- Poetry, Reading, Writing

Eight Poems, by Tony Trigilio

 

 

Missing Time

Her turquoise ring vanished, pink mystery stains on her dress, silver-dollar circles scorched on the Bel Air’s trunk.

We can tell what happened but this doesn’t mean we know more than when we started.

If David Blaine can turn a cup of steaming coffee into a handful of coins, then it’s crackpot not to believe in virgin birth or holy spirit.

It’s terrifying to think through the body: if you touch the cup of coffee, it might touch you back.

The ring turned up two weeks later under leaves inexplicably piled on the kitchen counter.

Then she started to remember: The drive should’ve taken four hours.

 

 

Beeping sounds in isolated locations all over the world, driving away animals.

 Any psychic abilities I might have had were gone, never to return.
—Betty Hill


Someone heard a steady beep-beep-beep, regular intervals, weeks at a time.

They moved through you like tinnitus then disappeared when you stepped away.

An astronomer in Keene endured a torrent, sixteen hours straight, followed by eight hours of silence.

I relieved my boredom that year chewing gum, whispering in class, pinching students, and wearing a green garden snake around my wrist as a bracelet.

I learned to spot flares in the smallest places.

Mother knew I was reading a book about faeries. Look for them early in the day, she said, in the garden, while you can still see dew on the flowers.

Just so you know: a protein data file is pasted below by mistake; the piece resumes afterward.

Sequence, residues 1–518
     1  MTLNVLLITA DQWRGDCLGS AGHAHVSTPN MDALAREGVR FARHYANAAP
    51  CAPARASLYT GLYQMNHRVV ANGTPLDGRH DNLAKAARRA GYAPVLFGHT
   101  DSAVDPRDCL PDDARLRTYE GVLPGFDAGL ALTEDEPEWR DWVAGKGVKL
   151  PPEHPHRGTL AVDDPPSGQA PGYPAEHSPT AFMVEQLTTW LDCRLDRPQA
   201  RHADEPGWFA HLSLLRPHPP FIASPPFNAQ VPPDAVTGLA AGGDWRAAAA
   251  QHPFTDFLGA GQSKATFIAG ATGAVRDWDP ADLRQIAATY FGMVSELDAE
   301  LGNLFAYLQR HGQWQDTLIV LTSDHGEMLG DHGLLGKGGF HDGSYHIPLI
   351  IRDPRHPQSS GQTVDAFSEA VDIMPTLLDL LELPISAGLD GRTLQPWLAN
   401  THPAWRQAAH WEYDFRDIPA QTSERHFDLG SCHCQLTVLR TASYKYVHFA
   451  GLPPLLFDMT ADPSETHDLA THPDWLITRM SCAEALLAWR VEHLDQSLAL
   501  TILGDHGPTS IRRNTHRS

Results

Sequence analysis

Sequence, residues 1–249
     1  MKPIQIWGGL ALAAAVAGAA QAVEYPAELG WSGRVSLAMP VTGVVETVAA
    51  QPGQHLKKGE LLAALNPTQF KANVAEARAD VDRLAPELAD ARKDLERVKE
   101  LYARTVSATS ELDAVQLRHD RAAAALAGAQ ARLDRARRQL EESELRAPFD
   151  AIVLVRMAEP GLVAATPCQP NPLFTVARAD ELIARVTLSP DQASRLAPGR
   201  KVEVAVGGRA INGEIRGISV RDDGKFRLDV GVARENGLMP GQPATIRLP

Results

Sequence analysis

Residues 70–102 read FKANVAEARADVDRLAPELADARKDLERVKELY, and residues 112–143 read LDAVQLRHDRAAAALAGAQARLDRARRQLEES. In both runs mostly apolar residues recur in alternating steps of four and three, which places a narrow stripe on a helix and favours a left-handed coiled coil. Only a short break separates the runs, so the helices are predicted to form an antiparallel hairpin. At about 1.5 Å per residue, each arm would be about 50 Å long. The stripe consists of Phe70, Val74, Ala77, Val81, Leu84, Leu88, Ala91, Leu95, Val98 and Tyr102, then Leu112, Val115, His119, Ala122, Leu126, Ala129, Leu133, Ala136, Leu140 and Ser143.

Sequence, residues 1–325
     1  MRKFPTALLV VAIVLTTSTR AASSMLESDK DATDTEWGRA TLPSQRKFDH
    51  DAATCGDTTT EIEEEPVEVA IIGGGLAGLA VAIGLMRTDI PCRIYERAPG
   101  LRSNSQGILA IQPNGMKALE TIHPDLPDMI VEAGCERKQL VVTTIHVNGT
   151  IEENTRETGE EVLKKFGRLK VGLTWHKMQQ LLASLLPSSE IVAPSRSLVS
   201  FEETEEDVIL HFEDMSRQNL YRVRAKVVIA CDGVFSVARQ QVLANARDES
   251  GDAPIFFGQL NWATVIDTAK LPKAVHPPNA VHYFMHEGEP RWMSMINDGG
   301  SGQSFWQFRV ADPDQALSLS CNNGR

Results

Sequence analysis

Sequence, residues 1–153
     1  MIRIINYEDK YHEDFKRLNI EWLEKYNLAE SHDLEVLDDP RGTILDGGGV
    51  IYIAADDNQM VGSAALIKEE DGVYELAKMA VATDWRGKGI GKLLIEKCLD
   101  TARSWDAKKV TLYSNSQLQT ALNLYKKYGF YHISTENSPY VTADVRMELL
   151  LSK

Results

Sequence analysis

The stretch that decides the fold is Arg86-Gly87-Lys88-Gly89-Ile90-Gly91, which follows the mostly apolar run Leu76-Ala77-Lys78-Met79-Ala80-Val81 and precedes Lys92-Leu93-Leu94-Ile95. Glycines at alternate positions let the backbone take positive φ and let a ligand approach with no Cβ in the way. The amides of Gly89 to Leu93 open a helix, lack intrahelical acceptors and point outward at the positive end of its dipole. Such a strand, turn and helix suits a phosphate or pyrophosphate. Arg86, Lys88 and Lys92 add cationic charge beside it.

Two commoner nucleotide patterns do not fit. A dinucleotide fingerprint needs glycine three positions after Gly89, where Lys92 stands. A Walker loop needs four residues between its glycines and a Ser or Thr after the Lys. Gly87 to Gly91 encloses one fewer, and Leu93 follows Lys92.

If She Only Had Proof Something Happened

Stranger in gray suit—neighbor’s dog went berserk behind glass door. Left huge footprints without any heel marks. Police were called. Betty saw the ship glide over crossing signals, blue light above the tracks too far away to film.

She wanted to explain to someone her eyes wouldn’t focus. She dropped a quarter and was too dizzy to bend over.

Squad cars came. False alarmists. She remembered the kidnappers passing Barney’s false teeth back and forth: everything she believed held at arm’s length like bloody gristle from bone.

She knew they left soot in the trees, fire in the flower gardens.

 

 

Transcript: Barney Hill’s Hypnosis

He fell deeper and deeper, deeper asleep.
Drew circles in the air, called them eyes.
Fully relaxed, deeper and deeper asleep,
he traced a curve for the left cheek

and stuck another eye on it.
An afterthought, he gave it a scarf,
traced two curves into a cap and visor.
Barney’s head nodded into his chest.

He gave it a scarf and the doctor said,
“You are fully relaxed, no fear, no anxiety.”
Head nodding, his chest exposed,
thought he saw a plane going to Montreal—

fully relaxed, no fear, anxiety—
he heard a fly buzzing, about to land,
thought he saw a plane but it hovered.
A row of lights, tilting, leveled off.

He was a fly buzzing against a screen.
Their eyes: Barney froze in the grass
as a row of lights, tilting, leveled off.
Strange faces at the window looking down—

their eyes, Barney froze in the grass.
A pilot in shiny black coat, visor,
ordered the faces away from the window.
You will not be troubled by what you remember.

The pilot’s shiny black coat and visor
terrified Barney, so he hustled to the car
(Your memories won’t trouble you—I am here—)
and Betty pleading drive, drive, don’t look back.

Terrified, Barney hustled the car into gear.
A few miles later, a bright streak along the road,
Betty pleading to go back, back, turn back around,
Barney grabbing the tire wrench below his seat.

A bright streak lit up the midnight road,
three of them on the highway stopped the car.
Barney afraid the wrench would seem a weapon.
They won’t trouble you here. Your sleep is deeper.

Three of them on the highway stopped the car
then helped him out of the driver’s seat.
They won’t trouble you here. Your sleep is deeper.
Eyes closed; felt his feet drag